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Slander A TV star almost loses his... MORE > $16.95 Regularly $19.99 Buy Now


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DVDs from TCM Shop

Slander A TV star almost loses his... MORE > $16.95
Regularly $19.99
buy now

Slander was based on a 1956 teleplay by Harry W. Junkin entitled Public Figure which was broadcast on the CBS dramatic television series Studio One, starring James Daly and Mercedes McCambridge. The title Public Figure was also used as a working title for Slander, in addition to the title Pattern of Malice. A February 20, 1956 Hollywood Reporter article noted that producer Armand Deutsch sold the teleplay, which he had purchased from Junkin, to M-G-M on the condition that Deutsch be hired to produce the film version. Although a March 5, 1956 Daily Variety article states that M-G-M hired Allen Rivkin to write a script entitled Pattern of Malice from the teleplay, he was not credited onscreen and no further information has been found about his participation in the film. According to a July 31, 1956 Hollywood Reporter news item, M-G-M changed the film's title to Confidential Slander in response to a conflict with Sam Baer, who had registered the title Slander for a film; however, the conflict was apparently resolved prior to the film's January 1957 release under the title Slander.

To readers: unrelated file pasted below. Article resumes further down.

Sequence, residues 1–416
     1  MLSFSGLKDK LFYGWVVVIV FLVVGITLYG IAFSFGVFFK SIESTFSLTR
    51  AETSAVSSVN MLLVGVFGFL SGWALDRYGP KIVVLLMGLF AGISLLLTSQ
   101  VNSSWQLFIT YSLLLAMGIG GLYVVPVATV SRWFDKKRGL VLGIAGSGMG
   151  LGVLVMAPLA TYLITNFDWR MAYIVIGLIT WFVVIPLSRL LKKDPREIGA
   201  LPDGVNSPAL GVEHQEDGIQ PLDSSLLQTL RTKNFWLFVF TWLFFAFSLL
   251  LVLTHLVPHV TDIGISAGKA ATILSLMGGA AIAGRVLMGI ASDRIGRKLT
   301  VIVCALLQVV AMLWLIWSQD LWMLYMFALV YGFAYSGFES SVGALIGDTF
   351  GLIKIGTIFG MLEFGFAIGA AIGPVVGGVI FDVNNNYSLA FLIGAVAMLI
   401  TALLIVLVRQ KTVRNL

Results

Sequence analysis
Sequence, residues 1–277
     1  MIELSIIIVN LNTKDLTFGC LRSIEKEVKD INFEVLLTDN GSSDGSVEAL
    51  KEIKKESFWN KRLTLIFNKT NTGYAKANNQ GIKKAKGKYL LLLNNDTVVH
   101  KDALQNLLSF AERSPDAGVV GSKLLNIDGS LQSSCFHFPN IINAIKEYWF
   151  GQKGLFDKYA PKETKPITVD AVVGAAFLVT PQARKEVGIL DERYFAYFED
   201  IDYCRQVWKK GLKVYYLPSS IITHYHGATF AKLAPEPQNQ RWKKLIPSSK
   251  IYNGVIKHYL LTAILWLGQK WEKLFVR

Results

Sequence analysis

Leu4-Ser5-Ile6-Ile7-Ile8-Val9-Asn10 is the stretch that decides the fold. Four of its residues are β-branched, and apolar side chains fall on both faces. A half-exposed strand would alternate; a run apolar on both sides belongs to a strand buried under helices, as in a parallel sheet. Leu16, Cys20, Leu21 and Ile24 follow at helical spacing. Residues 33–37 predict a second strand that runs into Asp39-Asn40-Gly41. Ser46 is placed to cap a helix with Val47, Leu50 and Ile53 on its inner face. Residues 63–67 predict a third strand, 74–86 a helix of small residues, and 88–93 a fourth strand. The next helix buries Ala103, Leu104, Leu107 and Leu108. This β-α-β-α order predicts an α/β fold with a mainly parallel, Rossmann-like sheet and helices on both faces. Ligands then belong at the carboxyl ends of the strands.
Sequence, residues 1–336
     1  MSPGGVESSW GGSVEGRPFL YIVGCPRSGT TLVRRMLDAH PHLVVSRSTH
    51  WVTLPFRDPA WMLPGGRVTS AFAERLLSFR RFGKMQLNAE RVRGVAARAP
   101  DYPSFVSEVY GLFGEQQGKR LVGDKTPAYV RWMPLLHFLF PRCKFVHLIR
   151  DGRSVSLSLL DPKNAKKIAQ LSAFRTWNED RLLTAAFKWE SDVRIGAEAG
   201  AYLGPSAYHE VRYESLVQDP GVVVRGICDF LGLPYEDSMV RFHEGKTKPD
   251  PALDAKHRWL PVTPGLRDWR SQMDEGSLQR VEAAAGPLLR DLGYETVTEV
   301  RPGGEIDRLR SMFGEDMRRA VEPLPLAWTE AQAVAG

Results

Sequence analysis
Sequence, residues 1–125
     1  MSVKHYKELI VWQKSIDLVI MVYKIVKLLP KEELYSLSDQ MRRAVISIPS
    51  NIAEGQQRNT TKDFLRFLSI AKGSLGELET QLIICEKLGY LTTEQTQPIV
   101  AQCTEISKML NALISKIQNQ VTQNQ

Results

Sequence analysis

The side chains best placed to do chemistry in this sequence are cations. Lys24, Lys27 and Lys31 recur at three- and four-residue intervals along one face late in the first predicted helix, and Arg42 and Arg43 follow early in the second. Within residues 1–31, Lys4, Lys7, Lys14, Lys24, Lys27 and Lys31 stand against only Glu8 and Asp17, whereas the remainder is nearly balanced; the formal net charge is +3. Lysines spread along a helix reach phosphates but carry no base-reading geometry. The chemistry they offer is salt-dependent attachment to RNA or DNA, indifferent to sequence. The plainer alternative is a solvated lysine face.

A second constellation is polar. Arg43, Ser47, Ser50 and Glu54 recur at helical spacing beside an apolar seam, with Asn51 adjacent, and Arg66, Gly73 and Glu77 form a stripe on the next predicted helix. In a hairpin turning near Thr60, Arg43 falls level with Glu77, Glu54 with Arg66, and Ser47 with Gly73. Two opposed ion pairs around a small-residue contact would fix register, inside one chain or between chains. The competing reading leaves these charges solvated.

The 1950s saw the beginnings of a new tabloid format embodied in "scandal sheets" like Confidential, which featured stories about Hollywood film stars' private lives. Although the December 22, 1956 Motion Picture Herald review claimed that the magazine and its publisher portrayed in Slander were based on a real magazine and publisher, no information as to the identity of either has been found.
       A August 23, 1956 Hollywood Reporter article stated that Lewis Martin replaced actor Theodore Newton in the role of "Charles Orrin Sterling" when the latter became ill during production. Additional Hollywood Reporter news items add the following actors to the cast: Richard Deacon, Jeanette Nolan and Eleanor Grumer. Nolan and Deacon were not in the released film and the appearance of Grumer could not be determined. The December 17, 1956 Hollywood Reporter review notes that Jack Shafton and Allan Henderson designed and created the marionettes Van Johnson used in the film as "Scott Ethan Martin" the host of a televised puppet show. A modern source adds Patricia Winters to the cast.